Just One of Those Things: An Open Letter to The Staff of The Velvet Note | The Velvet Note

Uncategorized | August 15, 2017

Just One of Those Things: An Open Letter to The Staff of The Velvet Note

Just One of Those Things is a weekly blog and column about jazz, life and love, 

although not necessarily in that order.  



As summer 2017 races to a close, I realize that as a manager, I don’t always communicate as much as I should, especially when things are going well (smile).  We’ve all worked very hard to put together the best team in the business, so I wanted to take a moment, catch my breath and remind you of a few of the “behind-the-scenes” encounters from the last several months that you probably didn’t see, but that underscore how much I appreciate what you do.

Saturday, June 3rd.  One of my favorite customers is Deion Washington, and he came in to celebrate our Fifth Anniversary.   As an overworked, underpaid civil servant, Corporal Washington doesn’t come into our establishment nearly enough, but when he does, I am always happy to see him.  Earlier in his career, he was on the SWAT team, and even walked the homicide beat.  He’s a true hero.  Today, he is the Public Information Officer for the Gwinnett County Police Department.  Consider the most heinous crimes you can think of that happen in our community.  He’s the guy who courageously stands in front of the firing squad of television cameras and flash bulbs and reporters and microphones and questions and cynicism and tries to help us make sense of it all.

Anyway, after our celebration, he called to let me know that he was eagerly looking forward to coming back, hopefully as soon as our friend, multi-GRAMMY—winning Robert Glasper makes his return visit.  “Sometimes I just need a mental escape and break.  The Velvet Note is where I come to get it.  You have no idea of the impact you have on people.”  We are honored to provide a place that takes care of those who take care of…well…everyone else.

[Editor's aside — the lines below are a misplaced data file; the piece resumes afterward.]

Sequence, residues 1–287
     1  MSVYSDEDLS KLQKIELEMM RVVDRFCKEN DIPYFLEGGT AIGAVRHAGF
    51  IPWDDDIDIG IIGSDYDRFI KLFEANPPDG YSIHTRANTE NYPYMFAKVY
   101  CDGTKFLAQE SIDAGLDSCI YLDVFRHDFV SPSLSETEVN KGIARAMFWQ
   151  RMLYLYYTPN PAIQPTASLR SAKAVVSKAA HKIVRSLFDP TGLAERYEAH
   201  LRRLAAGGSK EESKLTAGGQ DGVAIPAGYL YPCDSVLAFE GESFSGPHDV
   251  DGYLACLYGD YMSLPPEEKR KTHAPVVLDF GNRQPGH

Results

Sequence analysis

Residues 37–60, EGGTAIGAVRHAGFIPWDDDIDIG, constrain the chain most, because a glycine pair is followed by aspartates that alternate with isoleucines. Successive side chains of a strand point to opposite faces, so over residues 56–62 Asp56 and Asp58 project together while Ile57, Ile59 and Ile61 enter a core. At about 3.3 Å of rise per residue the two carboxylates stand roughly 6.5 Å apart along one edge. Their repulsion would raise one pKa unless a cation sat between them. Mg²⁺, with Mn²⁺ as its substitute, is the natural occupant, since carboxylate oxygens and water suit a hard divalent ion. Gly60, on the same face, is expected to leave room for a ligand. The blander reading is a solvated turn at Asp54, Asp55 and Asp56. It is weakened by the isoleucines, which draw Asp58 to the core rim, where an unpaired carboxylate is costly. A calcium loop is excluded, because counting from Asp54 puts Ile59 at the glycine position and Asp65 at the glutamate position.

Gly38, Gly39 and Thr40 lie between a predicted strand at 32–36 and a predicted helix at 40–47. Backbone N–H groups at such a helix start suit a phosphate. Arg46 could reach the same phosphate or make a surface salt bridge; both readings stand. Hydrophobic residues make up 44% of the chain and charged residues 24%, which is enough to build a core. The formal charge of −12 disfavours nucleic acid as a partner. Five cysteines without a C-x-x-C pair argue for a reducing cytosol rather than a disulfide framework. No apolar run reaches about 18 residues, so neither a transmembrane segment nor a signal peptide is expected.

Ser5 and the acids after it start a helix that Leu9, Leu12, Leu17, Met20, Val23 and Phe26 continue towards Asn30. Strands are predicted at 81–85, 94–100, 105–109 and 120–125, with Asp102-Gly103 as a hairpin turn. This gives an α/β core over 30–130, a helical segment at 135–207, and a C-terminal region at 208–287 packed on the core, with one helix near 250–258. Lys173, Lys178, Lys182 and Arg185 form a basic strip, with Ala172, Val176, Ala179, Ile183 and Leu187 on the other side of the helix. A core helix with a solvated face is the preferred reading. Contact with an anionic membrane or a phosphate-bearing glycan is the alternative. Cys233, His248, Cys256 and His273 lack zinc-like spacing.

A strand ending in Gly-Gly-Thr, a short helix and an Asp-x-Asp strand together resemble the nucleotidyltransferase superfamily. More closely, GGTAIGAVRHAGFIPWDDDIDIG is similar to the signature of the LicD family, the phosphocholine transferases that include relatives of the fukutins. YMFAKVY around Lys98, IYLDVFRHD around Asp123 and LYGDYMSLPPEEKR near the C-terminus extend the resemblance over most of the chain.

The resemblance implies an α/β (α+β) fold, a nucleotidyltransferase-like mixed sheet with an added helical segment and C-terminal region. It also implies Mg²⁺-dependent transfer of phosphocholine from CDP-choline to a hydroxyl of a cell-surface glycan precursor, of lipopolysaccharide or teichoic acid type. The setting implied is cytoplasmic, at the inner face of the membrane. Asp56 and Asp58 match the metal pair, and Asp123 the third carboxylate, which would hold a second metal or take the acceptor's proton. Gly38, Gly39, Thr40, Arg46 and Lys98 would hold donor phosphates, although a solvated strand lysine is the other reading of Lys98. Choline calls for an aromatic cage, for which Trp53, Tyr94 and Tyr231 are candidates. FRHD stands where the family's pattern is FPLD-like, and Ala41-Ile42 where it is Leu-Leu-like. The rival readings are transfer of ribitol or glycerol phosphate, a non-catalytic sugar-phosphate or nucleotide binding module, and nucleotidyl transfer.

Saturday, July 1stA guy walked into the club after insisting on meeting me in person.  “You look nervous,” I said.  “Should I be concerned?”  “No, although I am really nervous.  I have been with my girlfriend for twelve years and I’m finally going to propose to her, here at The Velvet Note. “  “Twelve years?  Um….sir….what in the world have you been waiting for?!?”  “I know, it sounds crazy.  You see, I wasn’t the man then that I am now.  I didn’t deserve her.  But I’ve grown and learned and become a better person, and much of it is due to her.  I am finally ready to pop the question, ”he beamed.

By show time, we had all worked hard to nail down every conceivable detail, and the groom-to-be had ME sweating bullets. He had bought out almost every seat in the house, and a stretch limousine delivered the love of his life to our doorstep, just before the music started.  “Lawd”, I thought.  “I hope she says ‘yes’.”  And, as you recall, she did!